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A mammoth new report on the public health consequences of e-cigarettes finds there is conclusive evidence that e-cigarettes are less dangerous than regular cigarettes, and smokers who switch to vaping will reduce their exposure to lethal toxicants and carcinogens.
Amounting to more than 600 pages, the National Academy of Sciences, Engineering and Medicine's report attempts to examine the health consequences of e-cigarettes for the population as a whole. All in all, NASEM presents 47 conclusions categorized by different levels of evidence, with "conclusive evidence" being the strongest.
According to the report, "there is conclusive evidence that completely substituting e-cigarettes for combustible tobacco cigarettes reduces users’ exposure to numerous toxicants and carcinogens present in combustible tobacco cigarettes." The findings add to the already weighty body of evidence showing vaping to be far less hazardous than smoking.
But perhaps what is most interesting about this report is that after years of silence, a major U.S. scientific body has said, in no uncertain terms, what Public Health England, the Royal College of Physicians, the British Medical Association, and a slew of tobacco and public health experts have been saying for some time: Smokers who switch to vaping reduce their exposure to the lethal chemicals which kill half of all life-long cigarette users, and there can be huge public health gains if smokers exclusively switch from smoking to vaping.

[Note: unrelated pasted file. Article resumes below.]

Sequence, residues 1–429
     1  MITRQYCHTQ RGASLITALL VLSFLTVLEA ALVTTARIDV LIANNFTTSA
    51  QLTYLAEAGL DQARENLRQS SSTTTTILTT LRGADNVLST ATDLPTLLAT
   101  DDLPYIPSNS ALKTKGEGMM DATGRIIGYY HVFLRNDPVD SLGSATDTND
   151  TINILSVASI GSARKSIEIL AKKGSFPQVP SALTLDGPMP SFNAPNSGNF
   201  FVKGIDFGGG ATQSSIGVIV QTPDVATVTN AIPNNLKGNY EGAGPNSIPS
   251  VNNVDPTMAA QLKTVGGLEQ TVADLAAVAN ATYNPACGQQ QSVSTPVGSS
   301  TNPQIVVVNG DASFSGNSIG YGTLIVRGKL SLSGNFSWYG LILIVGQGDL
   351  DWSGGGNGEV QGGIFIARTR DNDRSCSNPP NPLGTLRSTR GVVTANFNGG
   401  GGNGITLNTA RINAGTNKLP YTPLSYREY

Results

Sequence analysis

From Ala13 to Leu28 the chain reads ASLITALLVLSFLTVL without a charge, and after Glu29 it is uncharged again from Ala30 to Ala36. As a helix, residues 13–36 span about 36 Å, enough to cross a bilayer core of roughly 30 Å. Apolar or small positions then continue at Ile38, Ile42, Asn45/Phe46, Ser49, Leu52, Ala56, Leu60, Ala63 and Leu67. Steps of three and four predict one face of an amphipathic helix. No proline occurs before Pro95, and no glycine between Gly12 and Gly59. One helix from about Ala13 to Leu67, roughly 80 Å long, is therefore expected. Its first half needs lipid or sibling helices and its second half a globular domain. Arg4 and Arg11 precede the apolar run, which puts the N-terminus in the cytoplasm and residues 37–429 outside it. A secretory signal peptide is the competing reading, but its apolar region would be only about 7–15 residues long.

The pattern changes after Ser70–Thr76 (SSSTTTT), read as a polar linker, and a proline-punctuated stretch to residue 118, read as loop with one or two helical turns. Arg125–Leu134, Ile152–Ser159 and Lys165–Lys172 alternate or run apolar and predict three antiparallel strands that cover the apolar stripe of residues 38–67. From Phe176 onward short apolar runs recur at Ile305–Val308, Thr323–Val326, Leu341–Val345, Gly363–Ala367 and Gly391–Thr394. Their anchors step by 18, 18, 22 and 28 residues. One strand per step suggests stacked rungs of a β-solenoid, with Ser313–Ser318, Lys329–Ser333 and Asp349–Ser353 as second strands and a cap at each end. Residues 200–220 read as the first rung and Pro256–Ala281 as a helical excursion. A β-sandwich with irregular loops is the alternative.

This report marks a critical correction to years of false and misleading information about e-cigarettes, which has had dire consequences in terms of public opinion.
In 2012, half of Americans correctly believed e-cigarettes are less harmful than regular cigarettes. By 2014, that number had fallen to 43 percent. A 2016 Gallup poll found half of Americans believed e-cigarettes are harmful to public health and 60 percent said they should be regulated as heavily as tobacco cigarettes.
These misperceptions about the risks of e-cigarettes can have real-world consequences for public health. If smokers believe, incorrectly, there is no point in switching from smoking to vaping because both are equally dangerous, then that person may have given up the opportunity to quit smoking for good and live a longer, healthier life.
One of the U.K.'s leading charities, Cancer Research U.K., has recognized the potential health gains from giving smokers accurate information about e-cigarettes, launching a campaign to inform smokers why e-cigarettes are safer and encouraging them to try vaping if they'd like to quit.
"The bottom line for the American public is that the main conclusions of this report are consistent with those reached by respected organizations like the Royal College of Physicians and Public Health England," said American Vaping Association President Gregory Conley, speaking to the New York Times.
"The committee's findings also fall in line with FDA Director Scott Gottlieb's nicotine strategy, a key element of which involves adult smokers switching to lower risk products. In the wake of this report, it is more apparent than ever that true leadership is needed in public health to ensure that adult smokers have access to truthful information about the benefits of switching to smoke-free products," Conley added.
The report contains a host of other findings, many of which will be misreported, exaggerated, or misinterpreted. Vaping is one of the most hotly debated subjects in public health and this report will add more fuel to that debate.
But one thing's for certain: No one should ever again be under the illusion that vaping is as dangerous as smoking.
Originally published here
By Guy Bentley (@gbentley1) - a contributor to the Washington Examiner's Beltway Confidential blog. He is a consumer freedom research associate at the Reason Foundation and was previously a reporter for the Daily Caller.